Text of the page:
Battle of Iwo Jima
The Battle of Iwo Jima was a major battle in which the United States Marine Corps landed on and eventually captured the island of Iwo Jima from the Japanese Imperial Army during World War II. This five-week battle comprised some of the fiercest and bloodiest fighting of the War in the Pacific of World War II, after the heavy losses incurred in the battle, the strategic value of the island became controversial. It was useless to the U. S. Army as a staging base, Navy Seabees rebuilt the landing strips, which were used as emergency landing strips for USAAF B-29s. The Imperial Japanese Army positions on the island were heavily fortified, with a network of bunkers, hidden artillery positions. The American ground forces were supported by naval artillery, and had complete air supremacy provided by U. S. Navy. Japanese combat deaths numbered three times the number of American deaths, although uniquely among Pacific War Marine battles, American total casualties exceeded those of the Japanese. Of the 21,000 Japanese soldiers on Iwo Jima at the beginning of the battle, only 216 were taken prisoner, despite the bloody fighting and severe casualties on both sides, the Japanese defeat was assured from the start.
Joe Rosenthals Associated Press photograph of the raising of the U. S. flag on top of the 169 m Mount Suribachi by six U. S, Marines became an iconic image of the battle and the American war effort in the Pacific. All indications pointed to an American drive toward the Mariana Islands, in March 1944, the Japanese 31st Army, commanded by General Hideyoshi Obata, was activated to garrison this inner line. The commander of the Japanese garrison on Chichi Jima was placed nominally in command of Army, after the American conquest of the Marianas, daily bomber raids from the Marianas hit the mainland as part of Operation Scavenger. Iwo Jima served as an early warning station that radioed reports of incoming bombers back to mainland Japan and this allowed Japanese air defenses to prepare for the arrival of American bombers. At the same time, with reinforcements arriving from Chichi Jima and the home islands, in addition, it was used by the Japanese to stage air attacks on the Mariana Islands from November 1944 through January 1945.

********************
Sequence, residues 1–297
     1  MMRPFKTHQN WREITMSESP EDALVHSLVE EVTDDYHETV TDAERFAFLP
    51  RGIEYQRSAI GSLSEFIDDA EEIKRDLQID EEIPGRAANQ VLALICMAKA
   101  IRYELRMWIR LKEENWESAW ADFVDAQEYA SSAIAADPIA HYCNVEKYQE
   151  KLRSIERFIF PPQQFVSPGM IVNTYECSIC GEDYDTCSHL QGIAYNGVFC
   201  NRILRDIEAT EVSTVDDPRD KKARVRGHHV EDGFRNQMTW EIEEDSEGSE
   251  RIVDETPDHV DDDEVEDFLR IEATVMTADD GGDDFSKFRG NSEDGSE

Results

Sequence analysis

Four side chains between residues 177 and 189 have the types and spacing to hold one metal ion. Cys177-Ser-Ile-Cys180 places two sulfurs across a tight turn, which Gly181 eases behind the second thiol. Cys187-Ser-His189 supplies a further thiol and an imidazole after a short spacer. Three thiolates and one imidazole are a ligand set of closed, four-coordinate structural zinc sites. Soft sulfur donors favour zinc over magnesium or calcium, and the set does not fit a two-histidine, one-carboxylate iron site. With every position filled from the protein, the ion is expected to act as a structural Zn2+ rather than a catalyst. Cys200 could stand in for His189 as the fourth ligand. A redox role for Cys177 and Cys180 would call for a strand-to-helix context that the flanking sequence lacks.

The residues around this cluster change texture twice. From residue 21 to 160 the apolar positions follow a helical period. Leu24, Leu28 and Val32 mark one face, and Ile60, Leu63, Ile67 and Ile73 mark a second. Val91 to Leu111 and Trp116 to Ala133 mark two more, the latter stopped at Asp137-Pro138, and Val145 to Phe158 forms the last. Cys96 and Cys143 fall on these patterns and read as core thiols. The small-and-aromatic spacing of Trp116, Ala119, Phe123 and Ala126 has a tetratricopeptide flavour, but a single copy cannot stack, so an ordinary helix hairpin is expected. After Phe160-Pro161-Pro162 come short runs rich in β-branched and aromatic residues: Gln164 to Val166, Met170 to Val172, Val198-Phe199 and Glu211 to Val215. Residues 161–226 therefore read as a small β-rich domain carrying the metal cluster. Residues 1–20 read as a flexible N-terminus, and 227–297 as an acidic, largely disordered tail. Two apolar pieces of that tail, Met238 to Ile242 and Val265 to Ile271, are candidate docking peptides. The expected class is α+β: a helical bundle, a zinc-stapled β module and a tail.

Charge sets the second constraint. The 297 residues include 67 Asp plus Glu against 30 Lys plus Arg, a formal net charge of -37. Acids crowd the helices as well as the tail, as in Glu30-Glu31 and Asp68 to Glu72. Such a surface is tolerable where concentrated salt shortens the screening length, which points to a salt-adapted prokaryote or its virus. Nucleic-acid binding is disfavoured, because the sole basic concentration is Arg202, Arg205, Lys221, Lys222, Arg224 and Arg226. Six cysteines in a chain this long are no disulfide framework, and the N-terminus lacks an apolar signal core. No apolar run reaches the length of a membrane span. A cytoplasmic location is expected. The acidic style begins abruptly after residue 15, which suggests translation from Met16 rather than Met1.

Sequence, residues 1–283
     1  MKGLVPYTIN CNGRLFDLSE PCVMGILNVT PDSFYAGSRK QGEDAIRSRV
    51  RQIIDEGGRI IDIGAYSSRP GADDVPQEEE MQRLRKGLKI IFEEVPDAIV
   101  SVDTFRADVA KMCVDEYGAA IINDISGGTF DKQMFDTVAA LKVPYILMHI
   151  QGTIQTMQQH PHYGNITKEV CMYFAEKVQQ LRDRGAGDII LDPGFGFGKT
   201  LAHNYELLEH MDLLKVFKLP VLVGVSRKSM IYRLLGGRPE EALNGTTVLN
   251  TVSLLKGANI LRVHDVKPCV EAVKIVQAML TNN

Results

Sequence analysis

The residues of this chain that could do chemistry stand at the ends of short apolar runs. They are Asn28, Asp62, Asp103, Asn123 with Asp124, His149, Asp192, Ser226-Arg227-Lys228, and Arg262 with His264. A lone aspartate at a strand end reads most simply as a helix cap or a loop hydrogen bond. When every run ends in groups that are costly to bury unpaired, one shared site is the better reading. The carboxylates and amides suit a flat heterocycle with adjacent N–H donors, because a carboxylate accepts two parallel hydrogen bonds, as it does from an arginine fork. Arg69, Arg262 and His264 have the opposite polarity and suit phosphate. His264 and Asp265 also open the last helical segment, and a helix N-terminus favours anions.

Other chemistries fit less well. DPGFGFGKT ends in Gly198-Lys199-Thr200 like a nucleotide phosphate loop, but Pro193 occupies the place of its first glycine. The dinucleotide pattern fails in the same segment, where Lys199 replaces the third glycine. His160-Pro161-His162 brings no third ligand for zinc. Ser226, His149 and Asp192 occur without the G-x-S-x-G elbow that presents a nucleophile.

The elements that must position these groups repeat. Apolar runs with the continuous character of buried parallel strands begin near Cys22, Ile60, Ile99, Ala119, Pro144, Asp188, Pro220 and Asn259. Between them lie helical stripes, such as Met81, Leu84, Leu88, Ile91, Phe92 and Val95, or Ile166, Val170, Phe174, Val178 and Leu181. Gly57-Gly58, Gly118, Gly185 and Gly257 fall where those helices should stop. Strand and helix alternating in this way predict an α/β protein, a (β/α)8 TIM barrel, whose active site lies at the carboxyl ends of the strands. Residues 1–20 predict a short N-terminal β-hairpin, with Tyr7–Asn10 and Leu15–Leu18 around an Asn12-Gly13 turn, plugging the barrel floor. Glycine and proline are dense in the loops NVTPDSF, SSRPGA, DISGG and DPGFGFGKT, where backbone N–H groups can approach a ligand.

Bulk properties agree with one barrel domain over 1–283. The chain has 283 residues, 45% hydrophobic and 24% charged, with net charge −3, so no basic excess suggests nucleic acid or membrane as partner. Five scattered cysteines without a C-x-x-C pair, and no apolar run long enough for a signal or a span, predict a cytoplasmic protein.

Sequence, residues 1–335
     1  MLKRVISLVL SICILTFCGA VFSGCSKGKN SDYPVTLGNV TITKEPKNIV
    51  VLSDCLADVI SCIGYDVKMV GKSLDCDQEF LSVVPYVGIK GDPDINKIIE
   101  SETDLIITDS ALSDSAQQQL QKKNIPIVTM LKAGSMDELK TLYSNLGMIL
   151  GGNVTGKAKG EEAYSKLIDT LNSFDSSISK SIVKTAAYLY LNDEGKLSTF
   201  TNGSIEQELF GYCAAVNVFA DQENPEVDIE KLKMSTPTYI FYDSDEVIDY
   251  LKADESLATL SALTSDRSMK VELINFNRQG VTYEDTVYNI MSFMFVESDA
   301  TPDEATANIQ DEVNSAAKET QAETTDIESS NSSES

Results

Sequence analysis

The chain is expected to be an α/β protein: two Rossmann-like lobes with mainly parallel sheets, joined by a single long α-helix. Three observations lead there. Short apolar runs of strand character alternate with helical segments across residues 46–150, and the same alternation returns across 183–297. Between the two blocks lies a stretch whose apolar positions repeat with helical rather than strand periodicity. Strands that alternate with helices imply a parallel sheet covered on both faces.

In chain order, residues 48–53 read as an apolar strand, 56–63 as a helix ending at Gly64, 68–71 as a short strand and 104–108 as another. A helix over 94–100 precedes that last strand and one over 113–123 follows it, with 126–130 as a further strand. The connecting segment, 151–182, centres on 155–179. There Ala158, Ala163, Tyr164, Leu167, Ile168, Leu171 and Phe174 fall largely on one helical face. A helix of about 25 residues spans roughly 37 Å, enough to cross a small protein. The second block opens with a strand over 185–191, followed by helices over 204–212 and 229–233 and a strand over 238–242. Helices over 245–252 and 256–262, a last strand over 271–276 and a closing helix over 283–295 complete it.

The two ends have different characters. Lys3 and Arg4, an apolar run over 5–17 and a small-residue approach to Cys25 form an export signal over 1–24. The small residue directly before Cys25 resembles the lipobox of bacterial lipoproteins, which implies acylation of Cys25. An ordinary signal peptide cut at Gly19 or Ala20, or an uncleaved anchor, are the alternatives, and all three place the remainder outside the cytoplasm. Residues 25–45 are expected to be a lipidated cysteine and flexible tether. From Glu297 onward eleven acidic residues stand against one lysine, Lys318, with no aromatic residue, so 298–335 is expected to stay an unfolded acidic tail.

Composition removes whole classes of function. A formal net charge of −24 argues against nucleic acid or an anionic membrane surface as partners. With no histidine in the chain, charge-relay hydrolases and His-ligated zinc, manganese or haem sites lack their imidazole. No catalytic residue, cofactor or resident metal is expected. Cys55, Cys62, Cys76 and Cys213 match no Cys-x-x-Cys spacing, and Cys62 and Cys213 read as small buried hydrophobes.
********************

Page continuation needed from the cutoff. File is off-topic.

The capture of Iwo Jima would eliminate these problems and provide an area for Operation Downfall – the eventual invasion of the Japanese Home Islands. The distance of B-29 raids could be cut in half, American intelligence sources were confident that Iwo Jima would fall in one week. In light of the intelligence reports, the decision was made to invade Iwo Jima. American forces were unaware that the Japanese were preparing a complex and deep defense, by June 1944, Lieutenant General Tadamichi Kuribayashi was assigned to command the defense of Iwo Jima. While drawing inspiration from the defense in the Battle of Peleliu, takeichi Nishis armored tanks were to be used as camouflaged artillery positions. This network of bunkers and pillboxes favored the defense, for instance, The Nanpo Bunker, which was located east of Airfield Number 2, had enough food and ammo for the Japanese to hold out for three months